ALBUQUERQUE, N.M. (AP) - Muslim students at the University of New Mexico and college campuses across the country honored “World Hijab Day” amid protests over President Donald Trump’s travel ban on seven Muslim-majority countries.
Students at New Mexico’s largest university and others in Iowa and Virginia on Wednesday set up booths and asked non-Muslim students to take photos of themselves in hijabs and post them on social media.
The day, founded in 2013 by New Yorker Nazma Khan, started in reaction to Muslim women being harassed for wearing the head covering used by some women who practice Islam. Organizers ask non-Muslim women to wear the hijab for a day in solidarity with Muslim women worldwide.
“I love it,” said Sarah Rivali, 33, a non-Muslim student who lives in Albuquerque. “I feel so beautiful. This is such a great idea.”
Students at Bluefield College in Virginia and Simpson College in Iowa also participated in World Hijab Day.
At the University of New Mexico, Muslim students showed non-Muslim women how to wear a hijab. Afterward, students took selfies.
Some Muslim women said they were mixed on the purpose of “World Hijab Day” amid Islamophobia and Trump’s travel ban.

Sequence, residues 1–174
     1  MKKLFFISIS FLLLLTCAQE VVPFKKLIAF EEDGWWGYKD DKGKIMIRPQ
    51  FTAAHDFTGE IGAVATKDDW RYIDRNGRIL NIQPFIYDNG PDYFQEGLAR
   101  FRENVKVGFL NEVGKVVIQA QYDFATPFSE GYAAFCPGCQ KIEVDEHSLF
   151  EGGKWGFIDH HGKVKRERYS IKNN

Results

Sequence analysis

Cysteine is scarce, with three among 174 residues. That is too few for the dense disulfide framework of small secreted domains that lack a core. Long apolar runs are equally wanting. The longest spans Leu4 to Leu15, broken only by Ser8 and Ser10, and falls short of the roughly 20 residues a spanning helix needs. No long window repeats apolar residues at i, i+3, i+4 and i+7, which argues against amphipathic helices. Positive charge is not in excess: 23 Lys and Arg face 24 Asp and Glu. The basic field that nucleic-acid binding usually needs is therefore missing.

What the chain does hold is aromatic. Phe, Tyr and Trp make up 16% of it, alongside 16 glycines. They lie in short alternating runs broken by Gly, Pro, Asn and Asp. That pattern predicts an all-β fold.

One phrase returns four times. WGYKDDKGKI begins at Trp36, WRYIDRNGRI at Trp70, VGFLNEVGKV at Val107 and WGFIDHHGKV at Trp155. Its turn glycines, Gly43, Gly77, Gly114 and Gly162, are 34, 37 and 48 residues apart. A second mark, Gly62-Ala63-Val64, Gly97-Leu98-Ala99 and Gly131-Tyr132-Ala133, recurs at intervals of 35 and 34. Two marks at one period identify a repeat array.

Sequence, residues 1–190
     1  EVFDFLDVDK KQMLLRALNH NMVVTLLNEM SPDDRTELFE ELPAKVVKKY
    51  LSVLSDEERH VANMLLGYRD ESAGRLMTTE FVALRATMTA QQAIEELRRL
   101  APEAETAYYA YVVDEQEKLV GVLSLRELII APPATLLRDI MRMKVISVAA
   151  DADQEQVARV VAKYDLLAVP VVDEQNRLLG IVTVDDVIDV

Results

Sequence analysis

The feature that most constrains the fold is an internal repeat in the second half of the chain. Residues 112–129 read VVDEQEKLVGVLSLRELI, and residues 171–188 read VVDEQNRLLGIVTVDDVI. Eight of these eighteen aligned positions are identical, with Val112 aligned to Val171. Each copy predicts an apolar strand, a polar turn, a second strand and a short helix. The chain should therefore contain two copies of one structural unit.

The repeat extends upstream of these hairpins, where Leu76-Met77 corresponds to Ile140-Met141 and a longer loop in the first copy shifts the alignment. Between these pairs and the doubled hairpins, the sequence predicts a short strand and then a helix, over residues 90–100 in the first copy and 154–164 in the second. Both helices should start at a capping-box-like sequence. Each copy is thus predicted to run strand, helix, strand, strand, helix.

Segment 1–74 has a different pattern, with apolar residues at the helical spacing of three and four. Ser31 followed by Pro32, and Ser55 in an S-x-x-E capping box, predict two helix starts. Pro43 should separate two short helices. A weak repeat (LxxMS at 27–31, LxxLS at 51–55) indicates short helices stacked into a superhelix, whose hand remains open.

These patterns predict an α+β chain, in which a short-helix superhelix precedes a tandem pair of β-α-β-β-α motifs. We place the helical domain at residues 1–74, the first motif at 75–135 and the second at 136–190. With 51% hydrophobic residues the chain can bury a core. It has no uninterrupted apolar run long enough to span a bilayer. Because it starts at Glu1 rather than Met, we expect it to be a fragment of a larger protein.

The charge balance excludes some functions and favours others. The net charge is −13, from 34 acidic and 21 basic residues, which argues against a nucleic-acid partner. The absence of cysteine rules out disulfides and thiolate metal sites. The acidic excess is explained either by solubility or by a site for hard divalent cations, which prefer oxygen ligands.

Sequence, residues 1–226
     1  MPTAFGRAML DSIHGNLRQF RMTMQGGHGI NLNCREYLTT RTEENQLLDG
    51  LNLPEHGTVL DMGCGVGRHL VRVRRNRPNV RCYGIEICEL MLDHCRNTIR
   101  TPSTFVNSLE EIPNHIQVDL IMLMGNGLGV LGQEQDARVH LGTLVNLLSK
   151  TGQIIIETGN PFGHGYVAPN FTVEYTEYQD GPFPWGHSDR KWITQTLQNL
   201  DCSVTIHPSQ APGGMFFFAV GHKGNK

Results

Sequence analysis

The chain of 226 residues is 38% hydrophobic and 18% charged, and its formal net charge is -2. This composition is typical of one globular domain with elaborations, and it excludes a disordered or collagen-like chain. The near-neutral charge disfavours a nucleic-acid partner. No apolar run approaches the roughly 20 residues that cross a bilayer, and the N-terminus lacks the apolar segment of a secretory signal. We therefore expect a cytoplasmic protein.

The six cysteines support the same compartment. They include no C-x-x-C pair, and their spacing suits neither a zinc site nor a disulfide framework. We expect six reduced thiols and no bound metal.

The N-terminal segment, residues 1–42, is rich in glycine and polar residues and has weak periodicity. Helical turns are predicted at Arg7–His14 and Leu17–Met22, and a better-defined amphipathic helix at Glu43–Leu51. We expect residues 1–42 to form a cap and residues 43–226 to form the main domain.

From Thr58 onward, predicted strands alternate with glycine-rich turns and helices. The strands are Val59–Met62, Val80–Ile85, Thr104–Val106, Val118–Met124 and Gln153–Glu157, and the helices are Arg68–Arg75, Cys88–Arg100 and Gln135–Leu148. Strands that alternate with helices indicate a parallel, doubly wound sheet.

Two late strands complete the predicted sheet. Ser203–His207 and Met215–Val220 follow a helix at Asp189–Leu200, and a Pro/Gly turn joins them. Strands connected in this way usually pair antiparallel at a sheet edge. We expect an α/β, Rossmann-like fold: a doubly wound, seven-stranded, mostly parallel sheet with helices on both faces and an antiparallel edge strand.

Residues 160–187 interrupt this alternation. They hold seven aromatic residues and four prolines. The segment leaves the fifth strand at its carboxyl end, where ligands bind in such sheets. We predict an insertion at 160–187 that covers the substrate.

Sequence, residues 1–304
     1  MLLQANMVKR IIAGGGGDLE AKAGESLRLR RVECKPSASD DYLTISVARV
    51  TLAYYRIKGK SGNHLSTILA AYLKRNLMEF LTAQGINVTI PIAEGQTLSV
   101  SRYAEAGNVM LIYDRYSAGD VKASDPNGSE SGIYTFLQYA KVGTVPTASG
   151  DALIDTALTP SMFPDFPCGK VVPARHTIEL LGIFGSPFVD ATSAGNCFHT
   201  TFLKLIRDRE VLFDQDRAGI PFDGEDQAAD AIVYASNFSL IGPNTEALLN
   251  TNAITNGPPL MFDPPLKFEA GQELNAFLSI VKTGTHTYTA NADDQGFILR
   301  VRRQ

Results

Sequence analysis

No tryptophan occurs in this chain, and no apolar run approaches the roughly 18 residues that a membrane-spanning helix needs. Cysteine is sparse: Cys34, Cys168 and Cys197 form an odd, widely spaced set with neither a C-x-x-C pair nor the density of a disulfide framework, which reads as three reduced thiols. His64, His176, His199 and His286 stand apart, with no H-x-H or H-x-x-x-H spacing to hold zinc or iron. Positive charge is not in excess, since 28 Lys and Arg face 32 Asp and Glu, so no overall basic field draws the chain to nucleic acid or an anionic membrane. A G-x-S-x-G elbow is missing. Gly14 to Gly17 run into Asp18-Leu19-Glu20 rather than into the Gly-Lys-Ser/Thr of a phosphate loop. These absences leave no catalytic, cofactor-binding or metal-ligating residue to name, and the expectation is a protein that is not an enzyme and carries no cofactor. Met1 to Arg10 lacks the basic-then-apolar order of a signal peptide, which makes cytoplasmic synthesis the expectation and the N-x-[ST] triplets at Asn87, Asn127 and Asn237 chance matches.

Mouna Mana, director of Arabic Language & Culture at Qatar Foundation International in Washington, D.C., said Wednesday she finds the event is “sweet, but uninspired.”
“I feel like this is kind of hyped-up symbolism. It’s probably well-intentioned, but sort of misses the point,” said Mana, who wears a hijab. “I think some of us are also just sort of bored of this idea of, well, let’s just put on a scarf and call it a day. Muslims are dealing with very severe issues right now. I’m sorry, putting on a piece of clothing doesn’t really do it for me.”
Samia Assed, 51, of Albuquerque, said at first she was skeptical of a day celebrating the hijab as a symbol when the event began four years ago. But now she is slowly seeing how the message helps fight Islamophobia. “The question I have is: what are you going to do after Feb. 1?” said Assed, a Palestinian American. “How do you make this into a movement?”
Associated Press writer Noreen Nasir in Washington, D.C. contributed to this report.
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